8.512                            Theory of Solids II
8.513                             Many-Body Techniques in Condensed Matter Physics
8.514                             Strongly Correlated Systems in CM Physics
8.532J                           Modern Topics in Solid State Physics
8.562                             Correlations and Critical Behavior in Condensed Matter
8.575J                           Statistical Thermodynamics of Complex Liquids
8.581, 8.582                  Selected Topics in Condensed Matter Physics
8.591J                           Quantitative Biology
8.592                             Statistical Physics in Biology
8.593J                           Biological Physics
8.594J                           Introduction to Neural Networks
8.613J                           Introduction to Plasma Physics I
8.614J                           Introduction to Plasma Physics II
8.624                             Plasma Waves
8.641                             Physics of High-Energy Plasmas I
8.642                             Physics of High-Energy Plasmas II
8.681, 8.682                  Selected Topics in Fluid and Plasma Physics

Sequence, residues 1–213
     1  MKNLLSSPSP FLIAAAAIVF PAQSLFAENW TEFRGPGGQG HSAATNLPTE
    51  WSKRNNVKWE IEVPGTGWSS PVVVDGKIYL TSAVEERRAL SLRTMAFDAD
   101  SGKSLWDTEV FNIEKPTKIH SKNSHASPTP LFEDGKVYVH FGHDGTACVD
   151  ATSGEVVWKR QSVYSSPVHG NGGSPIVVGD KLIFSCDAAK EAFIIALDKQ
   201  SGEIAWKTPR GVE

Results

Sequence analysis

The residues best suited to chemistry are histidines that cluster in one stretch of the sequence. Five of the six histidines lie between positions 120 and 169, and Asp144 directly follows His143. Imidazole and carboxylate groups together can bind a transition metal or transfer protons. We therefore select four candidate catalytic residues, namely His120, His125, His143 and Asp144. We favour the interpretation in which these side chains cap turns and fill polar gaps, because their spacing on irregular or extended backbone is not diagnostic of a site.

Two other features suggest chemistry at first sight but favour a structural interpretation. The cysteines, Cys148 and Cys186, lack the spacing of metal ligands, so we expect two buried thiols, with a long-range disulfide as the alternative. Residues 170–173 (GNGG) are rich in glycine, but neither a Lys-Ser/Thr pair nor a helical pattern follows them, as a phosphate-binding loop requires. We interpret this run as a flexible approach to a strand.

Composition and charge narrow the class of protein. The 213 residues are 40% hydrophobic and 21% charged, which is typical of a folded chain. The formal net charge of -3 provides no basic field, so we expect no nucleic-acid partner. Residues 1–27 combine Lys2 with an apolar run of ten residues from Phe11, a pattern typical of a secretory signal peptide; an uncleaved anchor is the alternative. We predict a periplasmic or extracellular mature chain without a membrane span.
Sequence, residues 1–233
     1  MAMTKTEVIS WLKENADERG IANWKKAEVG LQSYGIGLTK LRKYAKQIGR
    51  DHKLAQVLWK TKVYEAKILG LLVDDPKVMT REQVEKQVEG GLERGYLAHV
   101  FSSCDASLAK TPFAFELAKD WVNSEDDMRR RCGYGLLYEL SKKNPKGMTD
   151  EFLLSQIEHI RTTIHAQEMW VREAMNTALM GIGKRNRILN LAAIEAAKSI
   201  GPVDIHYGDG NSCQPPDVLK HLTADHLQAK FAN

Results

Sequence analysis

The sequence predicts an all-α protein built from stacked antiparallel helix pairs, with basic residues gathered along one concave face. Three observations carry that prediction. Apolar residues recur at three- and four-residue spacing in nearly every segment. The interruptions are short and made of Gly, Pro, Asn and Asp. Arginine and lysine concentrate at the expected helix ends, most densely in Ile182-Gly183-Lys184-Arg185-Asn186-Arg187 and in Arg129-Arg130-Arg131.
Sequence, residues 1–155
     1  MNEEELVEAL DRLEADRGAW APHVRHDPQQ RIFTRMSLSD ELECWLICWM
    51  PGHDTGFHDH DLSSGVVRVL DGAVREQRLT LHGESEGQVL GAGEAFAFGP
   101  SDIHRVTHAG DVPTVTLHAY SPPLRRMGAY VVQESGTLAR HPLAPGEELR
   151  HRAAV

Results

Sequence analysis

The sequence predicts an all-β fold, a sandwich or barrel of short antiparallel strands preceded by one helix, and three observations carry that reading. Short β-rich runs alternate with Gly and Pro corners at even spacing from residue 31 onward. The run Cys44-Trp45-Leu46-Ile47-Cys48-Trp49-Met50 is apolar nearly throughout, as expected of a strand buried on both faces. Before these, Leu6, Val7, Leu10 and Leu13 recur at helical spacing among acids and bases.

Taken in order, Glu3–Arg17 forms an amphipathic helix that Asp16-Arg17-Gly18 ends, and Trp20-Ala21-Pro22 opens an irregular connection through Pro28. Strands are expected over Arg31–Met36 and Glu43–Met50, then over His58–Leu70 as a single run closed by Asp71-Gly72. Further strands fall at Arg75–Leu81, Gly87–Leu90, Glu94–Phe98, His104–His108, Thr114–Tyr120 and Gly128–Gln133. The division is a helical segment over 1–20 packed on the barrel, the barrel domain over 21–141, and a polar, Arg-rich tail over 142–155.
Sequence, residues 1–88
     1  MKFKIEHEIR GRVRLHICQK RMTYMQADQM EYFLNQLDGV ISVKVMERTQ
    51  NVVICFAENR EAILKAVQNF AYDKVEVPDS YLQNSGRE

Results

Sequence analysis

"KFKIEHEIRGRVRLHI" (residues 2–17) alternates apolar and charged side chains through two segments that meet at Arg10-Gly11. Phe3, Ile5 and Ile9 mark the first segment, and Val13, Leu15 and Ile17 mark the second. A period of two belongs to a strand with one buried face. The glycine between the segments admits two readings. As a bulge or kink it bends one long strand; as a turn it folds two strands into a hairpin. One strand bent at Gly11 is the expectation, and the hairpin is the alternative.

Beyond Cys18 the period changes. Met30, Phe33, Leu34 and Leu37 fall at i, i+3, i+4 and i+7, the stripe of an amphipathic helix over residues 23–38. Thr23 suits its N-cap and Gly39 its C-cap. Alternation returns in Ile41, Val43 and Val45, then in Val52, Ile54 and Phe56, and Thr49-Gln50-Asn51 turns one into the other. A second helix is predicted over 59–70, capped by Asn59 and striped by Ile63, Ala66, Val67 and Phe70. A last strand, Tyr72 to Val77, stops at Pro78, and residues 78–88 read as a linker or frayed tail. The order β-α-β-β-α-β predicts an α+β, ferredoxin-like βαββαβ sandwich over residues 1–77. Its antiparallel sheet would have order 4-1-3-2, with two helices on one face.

8.701                             Intro to Nuclear and Particle Physics
8.711                             Nuclear Physics
8.712                             Advanced Topics in Nuclear Physics
8.731                              Nuclear Physics Seminar
8.781, 8.782                   Selected Topics in Nuclear Physics
8.811                             Particle Physics II
8.821                             String Theory
8.831                             Supersymmetry
8.841                             Electroweak Interactions
8.851                              Strong Interactions/QCD
8.861                              Advanced Topics in Superfluidity
8.871, 8.872                   Selected Topics in Theoretical Particle Physics
8.881, 8.882                   Selected Topics in Experimental Particle Physics
8.896J                            Supersymmetric Quantum Field Theories
8.901                              Astrophysics I
8.902                              Astrophysics II
8.913                               Plasma Astrophysics I
8.914                              Plasma Astrophysics II
8.921                              Stellar Structure and Evolution
8.942                              Cosmology
8.952                               Particle Physics of the Early Universe
8.962                               General Relativity
8.971, 8.972                     Astrophysics Seminar
8.981, 8.982                     Selected Topics in Astrophysics
8.THG                              Graduate Physics Thesis
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Phone: 1-954-271-6002